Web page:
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CHAPTER THE FOURTEENTH.
THE fourth species of injury, that may be offered to one's real property, is by -waste, or destruction on land* and tenements. What fliall be called waste was considered at large in a former volume", as it was a means of forfeiture, and thereby of transferring the property of real estates. I shall therefore here only beg leave to remind the student, that waste is a spoil and destruction of the estate, either in houses, woods, or lands; by demolishing not the temporary profits only, but the very substance of the thing; thereby rendering it wild and desolate; which the common law expresses very significantly by the word vastum: and that this vastum, or waste, is either voluntary, or permissive; the one by an actual and designed demolition of the lands, woods, and houses; the other arising from mere negligence, and want of sufficient care in reparations, fences, and the like. So that my only business is at present to shew, to whom this waste is an injury; and of course who is entitled to any, and what, remedy by action.
I. The persons, who may be injured by waste, are such as havj: some interest in the estate wasted; for if a man be the absolute tenant in see-simple (1), without any incumbrance or
•See vol. II. ch. iS.
(1) A tenant in fee-tail has the fame uncontrolled and unlimited power in commuting wallej as a tenant in fee-simple.
charge charge on the premises, he may commit whatever waste his own indiscretion may prompt him to, without being impeachable or accountable for it to any one. And, though his heir is sure to be the sufferer, yet nemo est kacres viventis.: no man is certain of succeeding him, as well on account of the uncertainty which shall die f rst, as also because he has it in his own power to constitute what heir lie pleases, according to the civil law notion of an hacres tutus and an kaerczfactus: or, in the more accurate phraseology of our English law, he may aliene or devise his estate to whomever he thinks proper, and by such alienation or devise may disinherit his heir at law. Into whose hands soever therefore the! estate wasted comes, after a tenant in fee-simple, though the waste is undoubtedly damnum, it is damnum abfque injuria.
One species of interest, which is injured by waste, is that of a person who has a right of common in the place wasted; especially if it be common of ejlovers, or a right of cutting and carrying away wood for house-bote, ploughbote, C5V. Here, if the owner of the wood demolishes the whole wood, and thereby destroys all possibility of taking estovers, this is an injury to the commoner, amounting to no less than a disseisin of his common of estovers, if he chooses so to consider it; for which he has his remedy to recover possession and damages by assise, if entitled to a freehold in such common: but if he has only a chattel interest, then he can only recover damages by an action on the cafe for this waste and destruction of the woods, out of which his estovers were to issueb.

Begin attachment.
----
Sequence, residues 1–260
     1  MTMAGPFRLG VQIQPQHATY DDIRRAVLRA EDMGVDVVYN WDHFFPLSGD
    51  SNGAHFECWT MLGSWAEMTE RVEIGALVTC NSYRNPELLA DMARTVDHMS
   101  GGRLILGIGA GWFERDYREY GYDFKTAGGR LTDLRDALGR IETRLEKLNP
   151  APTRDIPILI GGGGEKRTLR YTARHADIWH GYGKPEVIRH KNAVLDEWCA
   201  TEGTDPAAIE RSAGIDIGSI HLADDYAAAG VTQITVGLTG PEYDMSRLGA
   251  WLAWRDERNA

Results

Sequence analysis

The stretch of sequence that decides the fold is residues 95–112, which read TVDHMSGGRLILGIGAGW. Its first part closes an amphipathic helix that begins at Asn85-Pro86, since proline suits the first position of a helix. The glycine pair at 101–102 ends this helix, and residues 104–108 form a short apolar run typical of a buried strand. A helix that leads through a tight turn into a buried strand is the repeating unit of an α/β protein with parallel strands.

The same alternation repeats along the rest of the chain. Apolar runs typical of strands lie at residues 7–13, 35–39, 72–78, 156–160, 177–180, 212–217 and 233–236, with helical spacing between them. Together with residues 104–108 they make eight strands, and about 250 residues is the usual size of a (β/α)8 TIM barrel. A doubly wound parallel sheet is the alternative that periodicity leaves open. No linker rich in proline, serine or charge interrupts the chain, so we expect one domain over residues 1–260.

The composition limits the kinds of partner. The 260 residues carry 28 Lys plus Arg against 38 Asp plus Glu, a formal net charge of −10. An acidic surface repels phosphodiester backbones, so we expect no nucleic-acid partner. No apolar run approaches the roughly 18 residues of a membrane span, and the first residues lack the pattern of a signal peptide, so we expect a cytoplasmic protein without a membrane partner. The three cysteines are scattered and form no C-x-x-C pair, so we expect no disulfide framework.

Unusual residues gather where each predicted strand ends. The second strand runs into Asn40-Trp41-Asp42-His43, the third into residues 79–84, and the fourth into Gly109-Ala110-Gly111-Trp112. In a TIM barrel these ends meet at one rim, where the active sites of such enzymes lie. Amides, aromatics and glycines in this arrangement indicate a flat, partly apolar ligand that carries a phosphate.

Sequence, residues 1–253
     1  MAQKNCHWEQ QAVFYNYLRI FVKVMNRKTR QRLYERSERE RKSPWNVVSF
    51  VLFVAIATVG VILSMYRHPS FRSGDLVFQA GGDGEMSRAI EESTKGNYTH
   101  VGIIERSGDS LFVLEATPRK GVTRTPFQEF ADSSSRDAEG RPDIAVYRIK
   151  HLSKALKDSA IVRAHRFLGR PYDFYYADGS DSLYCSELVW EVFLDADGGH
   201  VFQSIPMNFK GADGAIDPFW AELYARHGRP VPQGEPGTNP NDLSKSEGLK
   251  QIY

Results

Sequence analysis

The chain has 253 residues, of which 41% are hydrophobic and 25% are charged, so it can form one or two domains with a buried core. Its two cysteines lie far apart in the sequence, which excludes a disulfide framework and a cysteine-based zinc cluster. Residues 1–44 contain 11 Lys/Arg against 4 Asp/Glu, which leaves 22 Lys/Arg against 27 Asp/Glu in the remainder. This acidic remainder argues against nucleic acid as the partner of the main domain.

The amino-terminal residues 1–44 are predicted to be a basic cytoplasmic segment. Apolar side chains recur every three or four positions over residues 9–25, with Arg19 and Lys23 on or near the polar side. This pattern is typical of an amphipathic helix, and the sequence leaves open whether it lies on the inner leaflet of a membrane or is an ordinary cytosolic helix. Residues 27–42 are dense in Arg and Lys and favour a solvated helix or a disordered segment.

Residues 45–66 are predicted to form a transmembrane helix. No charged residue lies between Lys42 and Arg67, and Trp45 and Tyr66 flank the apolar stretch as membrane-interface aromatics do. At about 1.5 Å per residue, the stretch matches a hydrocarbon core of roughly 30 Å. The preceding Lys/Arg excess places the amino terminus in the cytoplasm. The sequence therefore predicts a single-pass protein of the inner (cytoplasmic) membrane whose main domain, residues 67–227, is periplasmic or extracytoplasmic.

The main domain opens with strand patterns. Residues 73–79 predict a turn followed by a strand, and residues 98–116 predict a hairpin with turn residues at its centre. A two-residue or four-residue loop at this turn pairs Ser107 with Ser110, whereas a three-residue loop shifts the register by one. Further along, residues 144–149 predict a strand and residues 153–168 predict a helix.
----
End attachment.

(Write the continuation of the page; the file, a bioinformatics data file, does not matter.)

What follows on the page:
But the most usual and important interest, that is hurt by this commission of waste, is that of him who hath the remainder orreversion of the inheritance after a particular estate for life or years in being. Here, if the particular tenant, (be it the tenant in dower or by curtesy, who was answerable for waste at the common law ", or the lessee for life or years,
* F. N. B. 59. 9 Rep. 112. «1 lest. 159.
who was first, made liable by the statutes of Marlbridged and of Glocester*,) if the particular tenant, I fay, commits or suffers any waste, it is a manifest injury to him that has the inheritance, as it tends to mangle and dismember it of it's most desirable incidents and ornaments, among which timber and houses may justly be reckoned the principal. To him therefore in remainder or reversion, to whom the inheritance appertains in expectancy f, the law hath given an adequate remedy. For he, who hath the remainder for life only, is not entitled to sue for waste; since his interest may never perhaps come into possession, and then he hath suffered no injury (2). Yet a parson, vicar, arch-deacon, prebendary, and the like, who are seised in right of their churches of any remainder or reversion, may have an action of waste; for they, in many cafes, have for the benefit of the church and of the successor a fee-simple qualified: and yet, as they are not seised in their own right, the writ of waste shall not say< ad exhaeredationem ipfius, as for other tenants in fee-simple $ but ad exhaeredationem ecclestae, in whose right the fee-simple is liolden <='.
II. The redress for this injury of waste is of two kinds; preventive, and corrective: the former of which is by writ of estrepement, the latter by that of waste.
1. Estrepement is an old French word, signifying the fame as waste or extirpation: and the writ of estrepement lay